When we are inundated with encouragement to share our lives online, it can seem benign to go with the flow. But even if periodic oversharing doesn’t result in harm, the fact that we undervalue our privacy may have profound philosophical implications.
University of Connecticut Professor Michael Lynch argues in his new book, “The Internet of Us: Knowing More and Understanding Less in the Age of Big Data” that privacy is essential to allowing us to make our own decisions and exercise our individual power. In an interview with the Christian Science Monitor, Lynch makes the case that the deprivation of autonomy results in the erosion of our humanity.
These concerns come full circle in terms of public policy. As Lynch says:
“…our policies – legal or otherwise – need to be crafted to recognize that in both cases, we are also protecting a citizen’s basic right to autonomy. That means that governments and companies have a pretty high bar if they are going to argue that it is justified in certain cases to violate our privacy.”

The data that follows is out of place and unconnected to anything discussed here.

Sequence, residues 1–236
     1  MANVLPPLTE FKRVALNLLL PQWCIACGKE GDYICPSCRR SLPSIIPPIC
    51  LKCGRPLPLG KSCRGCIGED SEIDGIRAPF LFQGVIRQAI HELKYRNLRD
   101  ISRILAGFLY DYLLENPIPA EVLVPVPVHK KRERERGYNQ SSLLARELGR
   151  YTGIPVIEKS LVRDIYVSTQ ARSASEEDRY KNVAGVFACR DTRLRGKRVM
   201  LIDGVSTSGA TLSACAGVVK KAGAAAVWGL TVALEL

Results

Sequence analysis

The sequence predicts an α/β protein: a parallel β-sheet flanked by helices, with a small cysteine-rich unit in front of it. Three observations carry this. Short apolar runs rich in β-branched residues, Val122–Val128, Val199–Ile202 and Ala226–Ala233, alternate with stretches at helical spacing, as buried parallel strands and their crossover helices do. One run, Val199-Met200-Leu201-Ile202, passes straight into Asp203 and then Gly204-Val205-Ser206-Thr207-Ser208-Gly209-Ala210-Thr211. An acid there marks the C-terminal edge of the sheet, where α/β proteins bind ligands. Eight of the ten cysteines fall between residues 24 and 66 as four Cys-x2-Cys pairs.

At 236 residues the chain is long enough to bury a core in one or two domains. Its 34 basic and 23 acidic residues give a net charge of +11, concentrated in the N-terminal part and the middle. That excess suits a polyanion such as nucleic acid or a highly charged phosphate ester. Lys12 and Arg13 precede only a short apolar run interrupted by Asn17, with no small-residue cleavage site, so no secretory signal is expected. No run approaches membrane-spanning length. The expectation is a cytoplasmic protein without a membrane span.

If neglecting your right to privacy robs you of your autonomy, might you by more mindful about how you share your information with companies who may profit from your personal data?
Tips on How to Share Mindfully on Social Media
With so much stake in the sharing game, we could all use some tips to help us share with greater awareness.
1. Use the “Because Privacy” mantra While a mantra is generally spiritual in nature – a word or sound that helps you keep your focus during meditation – you can use the mantra “because privacy” as a spark for privacy awareness. It can become your personal motto as you engage with technology.
2. Ask yourself whose life you are sharing online. Consider the interesting social borders when it comes to sharing and remember to balance the right to privacy against the impulse to share.
3. Don’t be shy about being private. Be aware of social pressure from friends and family to share more than you are comfortable sharing. Be proud of protecting your privacy, and you’ll serve as a model for others to follow.